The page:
Creating an alluring store design is difficult enough without the constraint of a cost effective design budget. This was the recent task facing-based Bailey Edward Design as we designed three flagship stores for Chiasso, a Chicago-based retailer of visually exciting tabletop gifts and accessories. The 1,200 sq. ft. stores are in upscale shopping centers in Chicago, Detroit, Boston and Long Island.
Chiasso had great success as a start-up concept and had begun a nationwide roll-out. But the original store, designed by another firm, had exceeded the desired budget. My partner, Robin Whitehurst, and I were given a clear mission: to design three subsequent Chiasso stores with less money and without noticeably altering the store image.
We began by assessing what could be changed - materials,details and millwork choices - while maintaining the integrity and sophistication of the original design. This can be more difficult than designing a store from scratch, because any new material additions could upset the store's design balance.
We started with the recessed wall standards and the waved ceiling design. We increased the space for the wall standards - thereby creating more merchandising surface - while decreasing the total number of shelves and reducing cost. In place of the original, waved-drywall ceiling, which required costly retrofitting by tradesmen, we created a standard tubular metal piece with a curvature easy to duplicate in a factory.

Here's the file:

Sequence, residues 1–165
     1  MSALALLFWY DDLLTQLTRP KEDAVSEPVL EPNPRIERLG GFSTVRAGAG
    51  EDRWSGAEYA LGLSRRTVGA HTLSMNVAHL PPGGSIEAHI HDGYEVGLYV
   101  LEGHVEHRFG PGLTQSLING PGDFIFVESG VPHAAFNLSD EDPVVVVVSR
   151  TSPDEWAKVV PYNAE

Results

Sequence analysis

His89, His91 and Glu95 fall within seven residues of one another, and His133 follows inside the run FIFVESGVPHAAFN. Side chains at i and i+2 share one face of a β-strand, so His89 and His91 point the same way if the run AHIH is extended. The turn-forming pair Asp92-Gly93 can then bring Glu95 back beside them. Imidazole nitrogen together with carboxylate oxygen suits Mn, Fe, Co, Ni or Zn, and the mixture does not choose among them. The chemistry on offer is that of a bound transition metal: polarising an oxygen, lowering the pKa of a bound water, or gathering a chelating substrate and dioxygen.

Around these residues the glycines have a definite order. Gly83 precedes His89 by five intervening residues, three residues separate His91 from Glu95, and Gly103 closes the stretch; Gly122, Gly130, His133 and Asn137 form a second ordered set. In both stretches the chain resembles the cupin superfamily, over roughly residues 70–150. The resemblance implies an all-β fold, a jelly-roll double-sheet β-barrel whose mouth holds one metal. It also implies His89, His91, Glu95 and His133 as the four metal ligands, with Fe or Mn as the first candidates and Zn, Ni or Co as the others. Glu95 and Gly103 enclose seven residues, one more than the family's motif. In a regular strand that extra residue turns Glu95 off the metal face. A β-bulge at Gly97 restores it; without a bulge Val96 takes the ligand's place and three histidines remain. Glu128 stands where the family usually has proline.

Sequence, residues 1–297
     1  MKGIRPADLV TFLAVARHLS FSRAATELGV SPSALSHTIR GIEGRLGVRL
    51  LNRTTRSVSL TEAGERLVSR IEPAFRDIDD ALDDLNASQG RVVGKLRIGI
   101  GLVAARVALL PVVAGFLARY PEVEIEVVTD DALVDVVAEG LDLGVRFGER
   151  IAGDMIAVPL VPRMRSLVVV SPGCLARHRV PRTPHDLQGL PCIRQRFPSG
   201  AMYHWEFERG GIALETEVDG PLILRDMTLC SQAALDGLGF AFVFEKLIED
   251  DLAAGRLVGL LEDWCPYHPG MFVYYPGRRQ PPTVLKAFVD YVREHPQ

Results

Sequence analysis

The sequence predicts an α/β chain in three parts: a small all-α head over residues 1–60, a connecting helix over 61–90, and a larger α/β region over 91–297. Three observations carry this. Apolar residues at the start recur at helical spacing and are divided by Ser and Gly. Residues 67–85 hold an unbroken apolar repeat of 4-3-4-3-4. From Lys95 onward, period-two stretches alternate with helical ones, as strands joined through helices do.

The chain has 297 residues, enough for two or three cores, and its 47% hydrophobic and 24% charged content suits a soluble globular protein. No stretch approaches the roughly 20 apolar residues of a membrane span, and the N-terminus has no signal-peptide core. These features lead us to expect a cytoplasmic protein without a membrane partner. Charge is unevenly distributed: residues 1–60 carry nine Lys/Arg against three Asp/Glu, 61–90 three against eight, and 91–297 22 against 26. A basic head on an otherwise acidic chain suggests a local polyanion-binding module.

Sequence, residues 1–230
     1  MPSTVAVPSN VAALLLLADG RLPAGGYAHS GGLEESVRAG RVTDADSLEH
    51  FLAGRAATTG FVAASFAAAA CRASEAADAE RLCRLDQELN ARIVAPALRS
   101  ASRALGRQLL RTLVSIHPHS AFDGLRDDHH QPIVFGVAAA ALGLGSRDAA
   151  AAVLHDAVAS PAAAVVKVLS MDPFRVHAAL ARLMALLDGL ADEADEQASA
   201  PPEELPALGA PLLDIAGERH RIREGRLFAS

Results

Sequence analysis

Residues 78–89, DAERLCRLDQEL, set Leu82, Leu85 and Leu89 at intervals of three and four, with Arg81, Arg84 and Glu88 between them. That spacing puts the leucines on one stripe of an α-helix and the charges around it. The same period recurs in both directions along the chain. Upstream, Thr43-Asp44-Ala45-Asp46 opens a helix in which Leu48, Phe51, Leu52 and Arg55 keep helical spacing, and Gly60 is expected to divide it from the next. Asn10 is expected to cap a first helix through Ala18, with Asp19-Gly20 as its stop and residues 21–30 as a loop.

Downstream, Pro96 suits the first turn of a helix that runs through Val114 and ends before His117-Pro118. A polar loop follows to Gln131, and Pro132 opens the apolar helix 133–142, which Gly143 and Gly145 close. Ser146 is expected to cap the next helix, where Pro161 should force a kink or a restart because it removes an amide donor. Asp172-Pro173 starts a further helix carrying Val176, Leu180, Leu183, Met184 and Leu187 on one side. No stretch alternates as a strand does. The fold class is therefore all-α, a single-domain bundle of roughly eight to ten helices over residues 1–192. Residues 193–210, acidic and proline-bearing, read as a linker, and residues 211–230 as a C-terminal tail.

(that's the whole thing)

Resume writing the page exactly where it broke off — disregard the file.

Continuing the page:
Lighting, a retailer's greatest expense, was targeted next. We examined maximum spacing, color quality and fixture types. By spreading out the lights, interchanging low energy lamps and substituting flexible track for recessed cans, we reduced the total purchasing cost and the lifecycle cost to the retailer.
The cash wrap redesign was one of our biggest tasks. The curved design of the original cashwrap was expensive to duplicate, and the many fixed surfaces made the area too inflexible for the multiple tasks at hand. We straightened out much of its form, using one flat piece of wood, curving only the edges and substituting dynamic angles for more expensive curves.
At the back of the cashwrap, we used adjustable shelves in place of the fixed surfaces and custom millwork of the original. As a result, computer equipment and wrapping supplies of any size could be accommodated while kept hidden from view. At the top of the cashwrap, we created a single surface for check-writing along with other flat surfaces for displaying impulse purchases. We retained the original color scheme, using maple stained in red, black and natural color tones.
By cutting down on custom millwork, rearranging lighting, and negating other labor-intensive and expensive details, we saved Chiasso more than 30 percent over the prototype store's construction costs. This and other successful design projects can be accomplished on a cost effective budget, by keeping the merchandise, not costly design requirements, as the store's focal point.
Ellen Bailey Dickson is founder and managing partner of Chicago-based Bailey Edward Design. Bailey Edward Design's work with Chiasso recently won the NASFM award for store fixture design.